At last, after something like 4+ days of debugging, I was getting close to some answers. It turned out that the hash table code was trying to allocate an array of 0x40000000 buckets. Each bucket was a pointer, which was 4 bytes. Multiply the number of elements by the element size, and you get a number that doesn't fit in a 32-bit size_t. So it actually allocated a heap block of... zero bytes. And then went to initialize all those pointers to NULL... which meant it was trying to zero the entire address space. Ooops.
This value (0x40000000) was, in fact, the clamped maximum number of allowed buckets. So that's obviously too large. This is one of those things you run into when you take software originally developed on 64-bit systems and move it to a 32-bit platform. Also, I'm a bit disturbed by the fact that allocating a heap block of zero bytes gives you back a non-NULL pointer. However, it seems that "malloc(0)" and "new void * " in C++ both return a valid pointer.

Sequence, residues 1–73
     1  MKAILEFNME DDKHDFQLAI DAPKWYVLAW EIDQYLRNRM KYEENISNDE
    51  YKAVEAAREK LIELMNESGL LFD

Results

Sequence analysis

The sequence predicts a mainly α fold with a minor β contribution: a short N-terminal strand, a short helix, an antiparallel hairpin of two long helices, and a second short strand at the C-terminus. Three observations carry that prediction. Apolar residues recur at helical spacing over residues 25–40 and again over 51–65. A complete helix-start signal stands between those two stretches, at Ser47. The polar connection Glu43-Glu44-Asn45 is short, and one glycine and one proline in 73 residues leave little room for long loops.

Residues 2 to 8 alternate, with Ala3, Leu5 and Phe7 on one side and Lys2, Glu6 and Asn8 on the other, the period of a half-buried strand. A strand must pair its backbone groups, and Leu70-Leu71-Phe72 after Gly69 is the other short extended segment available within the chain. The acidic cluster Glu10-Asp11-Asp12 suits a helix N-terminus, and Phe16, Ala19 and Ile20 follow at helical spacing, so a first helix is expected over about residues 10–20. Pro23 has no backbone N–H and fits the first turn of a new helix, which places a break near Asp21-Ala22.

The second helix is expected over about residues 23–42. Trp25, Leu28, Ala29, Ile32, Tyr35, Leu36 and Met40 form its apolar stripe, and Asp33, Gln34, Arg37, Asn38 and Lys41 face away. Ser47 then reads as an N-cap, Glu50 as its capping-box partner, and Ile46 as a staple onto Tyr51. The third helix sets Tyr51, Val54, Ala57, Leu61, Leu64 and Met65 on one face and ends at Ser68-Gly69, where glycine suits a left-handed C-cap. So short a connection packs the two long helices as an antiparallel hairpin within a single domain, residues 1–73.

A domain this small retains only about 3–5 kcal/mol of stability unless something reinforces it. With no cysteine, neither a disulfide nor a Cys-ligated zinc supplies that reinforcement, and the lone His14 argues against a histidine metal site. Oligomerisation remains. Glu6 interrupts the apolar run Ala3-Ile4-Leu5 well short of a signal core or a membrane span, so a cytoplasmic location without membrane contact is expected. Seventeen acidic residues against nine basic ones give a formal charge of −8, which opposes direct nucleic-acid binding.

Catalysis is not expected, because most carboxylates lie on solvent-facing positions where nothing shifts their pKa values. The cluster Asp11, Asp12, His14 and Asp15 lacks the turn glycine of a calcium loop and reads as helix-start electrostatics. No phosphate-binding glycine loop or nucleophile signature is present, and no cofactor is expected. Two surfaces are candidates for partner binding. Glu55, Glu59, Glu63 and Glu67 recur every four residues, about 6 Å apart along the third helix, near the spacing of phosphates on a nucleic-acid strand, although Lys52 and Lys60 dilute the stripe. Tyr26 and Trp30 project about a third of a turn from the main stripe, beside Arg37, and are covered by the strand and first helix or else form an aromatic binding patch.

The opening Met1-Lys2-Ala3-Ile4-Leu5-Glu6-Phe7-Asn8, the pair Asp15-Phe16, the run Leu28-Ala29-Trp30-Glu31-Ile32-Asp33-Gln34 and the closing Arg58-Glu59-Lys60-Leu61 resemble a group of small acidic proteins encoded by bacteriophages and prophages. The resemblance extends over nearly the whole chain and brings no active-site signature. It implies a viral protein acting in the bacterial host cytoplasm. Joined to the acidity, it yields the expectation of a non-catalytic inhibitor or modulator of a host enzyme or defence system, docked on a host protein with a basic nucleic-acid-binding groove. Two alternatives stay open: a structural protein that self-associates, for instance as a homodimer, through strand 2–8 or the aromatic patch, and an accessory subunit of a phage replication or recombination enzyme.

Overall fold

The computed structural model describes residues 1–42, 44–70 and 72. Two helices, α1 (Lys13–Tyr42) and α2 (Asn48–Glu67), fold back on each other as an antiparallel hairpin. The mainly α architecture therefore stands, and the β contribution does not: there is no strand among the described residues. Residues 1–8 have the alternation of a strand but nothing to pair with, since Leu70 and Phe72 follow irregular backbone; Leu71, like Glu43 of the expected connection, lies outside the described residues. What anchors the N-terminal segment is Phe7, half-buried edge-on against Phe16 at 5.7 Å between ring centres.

Unfortunately, this is about as far back as I could take my debugging, which is somewhat unsatisfying as I really like to find root causes. In this case it seems as though somehow a floating-point division came up with the value 2210398208 for 1 divided by 0.5, at least as far as I can tell.
If the maximum hash table buckets were clamped to a smaller value and allocating a block of zero bytes returned NULL this all would have crashed much sooner, and in a way that would have made it easier to look at what else was going on. So I guess I'm going to have to be satisfied with those two buglets.
At some prodding from a couple people familiar with the code, I went back and dug up a few more details from the call frame that was initializing the hash table that caused all the trouble. (As long as I've already gone the extra mile, what's another short sprint, right?) Unfortunately, the data structure it was supposed to be copying was right in the middle of the memory region that got zeroed, which again leaves me stuck without enough information. However, the data structure corresponds to some on-disk data. Furthermore, the code path in question is only taken when the data is unmodified from what was paged in from disk. I was able to find enough information on the stack to find the corresponding file. That file confirms that the sizeHint parameter should indeed have been 1 in this case, which unfortunately brings me back to the mysterious result of 1/0.5=2210398208.